United Airlines instituted the industry's first CRM for pilots in 1981. This program is now used throughout the world, prompting some to call the United 173 accident one of the most important in aviation history. The NTSB Air Safety Investigator who wrote the CRM recommendation was aviation psychologist Alan Diehl.
Assigned to investigate this accident, Diehl realized it was similar to several other major airline accidents including United Airlines Flight 2860, which occurred a little over a year before Flight 173 and under near identical circumstances; Eastern Air Lines Flight 401; and the Tenerife airport disaster. Diehl was familiar with the research being conducted at NASA’s Ames Research Center and believed these training concepts could reduce the likelihood of human error.[self-published source]
Held responsible for the accident, Captain McBroom lost his pilot's license and retired from United Airlines shortly afterwards. He spent his remaining years battling health problems related to injuries sustained in the crash, as well as lung and prostate cancers. Family members and passengers who spoke to McBroom at a 1998 reunion of crash survivors reported he was "a broken man" plagued by guilt over his role in the accident. He died on October 9, 2004 at age 77.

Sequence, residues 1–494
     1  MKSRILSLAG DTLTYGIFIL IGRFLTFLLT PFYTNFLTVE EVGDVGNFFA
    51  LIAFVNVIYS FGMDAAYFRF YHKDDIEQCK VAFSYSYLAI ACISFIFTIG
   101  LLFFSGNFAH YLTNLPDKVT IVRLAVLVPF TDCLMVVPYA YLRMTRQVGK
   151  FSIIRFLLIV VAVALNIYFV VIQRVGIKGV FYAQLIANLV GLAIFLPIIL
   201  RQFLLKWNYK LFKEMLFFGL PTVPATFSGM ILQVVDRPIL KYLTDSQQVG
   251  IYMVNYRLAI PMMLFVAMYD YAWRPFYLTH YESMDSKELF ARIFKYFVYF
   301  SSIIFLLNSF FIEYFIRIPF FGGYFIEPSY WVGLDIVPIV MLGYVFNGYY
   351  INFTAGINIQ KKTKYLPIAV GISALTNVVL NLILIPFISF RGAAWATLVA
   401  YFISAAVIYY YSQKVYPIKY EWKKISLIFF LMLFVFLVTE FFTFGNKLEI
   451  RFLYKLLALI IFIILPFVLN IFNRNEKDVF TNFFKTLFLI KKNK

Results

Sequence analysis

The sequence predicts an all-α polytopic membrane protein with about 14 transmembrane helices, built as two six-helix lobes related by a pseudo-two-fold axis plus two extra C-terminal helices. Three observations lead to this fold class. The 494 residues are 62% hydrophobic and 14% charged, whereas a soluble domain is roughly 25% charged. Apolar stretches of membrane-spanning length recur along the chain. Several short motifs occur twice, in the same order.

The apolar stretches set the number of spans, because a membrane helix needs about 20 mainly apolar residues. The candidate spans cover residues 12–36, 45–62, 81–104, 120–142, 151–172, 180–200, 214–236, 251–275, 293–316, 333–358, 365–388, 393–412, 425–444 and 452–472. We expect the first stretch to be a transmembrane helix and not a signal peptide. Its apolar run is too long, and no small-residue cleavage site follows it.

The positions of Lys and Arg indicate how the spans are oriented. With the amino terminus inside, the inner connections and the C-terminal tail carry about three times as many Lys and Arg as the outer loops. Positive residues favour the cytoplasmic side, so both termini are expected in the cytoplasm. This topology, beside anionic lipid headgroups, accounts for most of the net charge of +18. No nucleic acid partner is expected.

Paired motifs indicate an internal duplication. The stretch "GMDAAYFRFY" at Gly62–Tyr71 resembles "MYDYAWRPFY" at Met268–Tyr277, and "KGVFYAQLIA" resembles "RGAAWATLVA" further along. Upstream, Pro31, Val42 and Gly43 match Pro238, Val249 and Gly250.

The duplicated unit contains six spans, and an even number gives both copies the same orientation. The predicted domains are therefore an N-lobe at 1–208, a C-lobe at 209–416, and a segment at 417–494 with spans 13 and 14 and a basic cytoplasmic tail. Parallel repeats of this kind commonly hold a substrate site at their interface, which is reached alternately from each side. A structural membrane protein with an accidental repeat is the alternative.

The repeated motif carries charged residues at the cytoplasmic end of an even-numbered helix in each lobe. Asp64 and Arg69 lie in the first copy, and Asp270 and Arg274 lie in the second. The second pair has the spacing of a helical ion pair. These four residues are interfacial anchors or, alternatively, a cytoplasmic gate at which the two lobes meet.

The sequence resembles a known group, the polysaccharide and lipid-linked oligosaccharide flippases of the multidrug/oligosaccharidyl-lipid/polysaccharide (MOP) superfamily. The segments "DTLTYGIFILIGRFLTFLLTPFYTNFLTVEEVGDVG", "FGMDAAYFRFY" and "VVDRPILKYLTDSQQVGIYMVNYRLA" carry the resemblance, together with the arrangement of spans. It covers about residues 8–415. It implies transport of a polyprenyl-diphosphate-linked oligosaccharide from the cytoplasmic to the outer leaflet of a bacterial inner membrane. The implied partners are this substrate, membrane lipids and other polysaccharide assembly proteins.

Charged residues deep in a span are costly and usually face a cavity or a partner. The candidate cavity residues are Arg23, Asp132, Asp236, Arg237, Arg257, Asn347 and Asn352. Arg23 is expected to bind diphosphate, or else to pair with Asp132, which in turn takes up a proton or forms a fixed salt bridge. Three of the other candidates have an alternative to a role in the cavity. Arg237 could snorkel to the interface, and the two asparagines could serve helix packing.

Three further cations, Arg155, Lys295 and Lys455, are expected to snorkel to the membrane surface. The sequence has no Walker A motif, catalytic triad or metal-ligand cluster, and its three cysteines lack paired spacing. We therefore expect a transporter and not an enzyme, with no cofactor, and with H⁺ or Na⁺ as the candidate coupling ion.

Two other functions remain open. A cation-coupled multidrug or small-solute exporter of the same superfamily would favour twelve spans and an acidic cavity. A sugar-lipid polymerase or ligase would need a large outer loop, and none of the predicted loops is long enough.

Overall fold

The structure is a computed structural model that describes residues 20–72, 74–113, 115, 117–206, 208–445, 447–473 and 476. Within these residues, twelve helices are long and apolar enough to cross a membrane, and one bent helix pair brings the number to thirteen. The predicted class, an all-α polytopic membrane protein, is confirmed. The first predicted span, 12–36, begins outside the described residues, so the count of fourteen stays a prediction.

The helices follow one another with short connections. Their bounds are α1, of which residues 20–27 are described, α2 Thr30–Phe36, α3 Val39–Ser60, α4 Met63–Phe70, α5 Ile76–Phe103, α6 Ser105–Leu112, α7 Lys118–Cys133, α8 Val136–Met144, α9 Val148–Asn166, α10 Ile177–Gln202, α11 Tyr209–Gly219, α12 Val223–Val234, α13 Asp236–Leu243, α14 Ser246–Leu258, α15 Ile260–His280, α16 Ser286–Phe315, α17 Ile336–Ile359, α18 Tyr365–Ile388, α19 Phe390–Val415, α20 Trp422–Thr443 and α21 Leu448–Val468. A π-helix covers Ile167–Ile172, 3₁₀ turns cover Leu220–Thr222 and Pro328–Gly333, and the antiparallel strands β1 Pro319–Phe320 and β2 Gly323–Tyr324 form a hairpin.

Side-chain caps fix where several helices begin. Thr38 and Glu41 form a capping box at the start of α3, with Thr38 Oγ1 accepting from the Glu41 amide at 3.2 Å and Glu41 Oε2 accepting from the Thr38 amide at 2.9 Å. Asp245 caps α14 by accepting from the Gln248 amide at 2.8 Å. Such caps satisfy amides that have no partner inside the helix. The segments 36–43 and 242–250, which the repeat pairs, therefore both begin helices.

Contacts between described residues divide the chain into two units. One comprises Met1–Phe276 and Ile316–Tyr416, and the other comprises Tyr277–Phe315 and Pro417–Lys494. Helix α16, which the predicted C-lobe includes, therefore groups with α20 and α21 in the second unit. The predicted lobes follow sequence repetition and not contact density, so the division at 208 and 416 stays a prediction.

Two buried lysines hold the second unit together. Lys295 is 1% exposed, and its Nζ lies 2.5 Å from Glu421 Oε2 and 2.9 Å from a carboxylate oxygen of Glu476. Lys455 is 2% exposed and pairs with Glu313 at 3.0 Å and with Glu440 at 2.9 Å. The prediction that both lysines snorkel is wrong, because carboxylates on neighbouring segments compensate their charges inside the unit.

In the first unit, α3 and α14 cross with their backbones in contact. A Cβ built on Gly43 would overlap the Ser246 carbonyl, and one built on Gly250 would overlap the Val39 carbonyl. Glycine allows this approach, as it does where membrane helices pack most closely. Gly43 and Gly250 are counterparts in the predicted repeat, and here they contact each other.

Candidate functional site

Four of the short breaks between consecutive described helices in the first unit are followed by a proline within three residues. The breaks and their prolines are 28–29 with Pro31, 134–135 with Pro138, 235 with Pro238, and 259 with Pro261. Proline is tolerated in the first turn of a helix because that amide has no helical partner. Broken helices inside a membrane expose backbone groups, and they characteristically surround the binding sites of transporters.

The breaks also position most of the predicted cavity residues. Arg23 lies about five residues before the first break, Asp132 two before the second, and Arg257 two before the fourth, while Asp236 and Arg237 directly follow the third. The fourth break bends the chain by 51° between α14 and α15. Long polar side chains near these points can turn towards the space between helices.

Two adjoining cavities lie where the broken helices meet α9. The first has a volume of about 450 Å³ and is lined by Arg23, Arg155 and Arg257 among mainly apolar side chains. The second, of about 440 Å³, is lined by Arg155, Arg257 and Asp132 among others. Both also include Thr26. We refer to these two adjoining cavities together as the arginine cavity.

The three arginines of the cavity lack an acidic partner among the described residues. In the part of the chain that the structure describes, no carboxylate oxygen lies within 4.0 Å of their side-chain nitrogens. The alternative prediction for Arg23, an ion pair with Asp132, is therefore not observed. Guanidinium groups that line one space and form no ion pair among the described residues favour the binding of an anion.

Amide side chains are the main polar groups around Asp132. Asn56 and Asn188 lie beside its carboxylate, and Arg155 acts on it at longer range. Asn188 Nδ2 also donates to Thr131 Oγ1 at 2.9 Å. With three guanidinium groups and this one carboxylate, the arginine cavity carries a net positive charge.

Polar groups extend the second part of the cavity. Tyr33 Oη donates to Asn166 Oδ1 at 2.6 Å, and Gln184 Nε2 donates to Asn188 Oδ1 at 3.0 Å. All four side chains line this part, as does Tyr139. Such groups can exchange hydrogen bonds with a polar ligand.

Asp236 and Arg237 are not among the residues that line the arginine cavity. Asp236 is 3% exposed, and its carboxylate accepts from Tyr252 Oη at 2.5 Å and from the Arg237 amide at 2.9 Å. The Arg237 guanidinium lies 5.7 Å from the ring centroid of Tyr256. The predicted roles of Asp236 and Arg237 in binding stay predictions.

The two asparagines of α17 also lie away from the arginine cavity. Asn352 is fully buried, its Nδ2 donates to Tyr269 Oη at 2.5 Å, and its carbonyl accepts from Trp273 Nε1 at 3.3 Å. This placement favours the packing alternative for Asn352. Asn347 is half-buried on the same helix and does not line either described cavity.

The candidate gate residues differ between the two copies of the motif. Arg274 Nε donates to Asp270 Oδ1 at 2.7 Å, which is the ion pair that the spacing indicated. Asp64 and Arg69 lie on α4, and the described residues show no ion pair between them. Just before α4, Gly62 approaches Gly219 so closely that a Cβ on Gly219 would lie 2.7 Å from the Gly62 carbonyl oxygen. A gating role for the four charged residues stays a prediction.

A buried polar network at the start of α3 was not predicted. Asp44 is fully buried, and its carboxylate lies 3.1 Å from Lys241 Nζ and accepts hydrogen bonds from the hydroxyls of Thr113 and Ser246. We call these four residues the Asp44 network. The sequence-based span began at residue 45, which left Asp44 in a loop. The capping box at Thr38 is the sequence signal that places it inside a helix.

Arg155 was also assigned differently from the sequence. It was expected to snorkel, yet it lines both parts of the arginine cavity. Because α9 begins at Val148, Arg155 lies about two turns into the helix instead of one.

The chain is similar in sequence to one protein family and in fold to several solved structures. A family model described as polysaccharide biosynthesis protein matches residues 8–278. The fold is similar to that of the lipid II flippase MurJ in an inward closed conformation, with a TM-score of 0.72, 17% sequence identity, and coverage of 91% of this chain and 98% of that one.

One of the surviving passengers, an eight-year-old in 1978, was awarded US$900,000 in damages from the airline by a Portland jury in 1984. She was injured and both of her parents were killed.
Published in February 2018, Crash Course by Julie Whipple focuses on the events of the night of the crash, the investigation, and aftermath of the crash.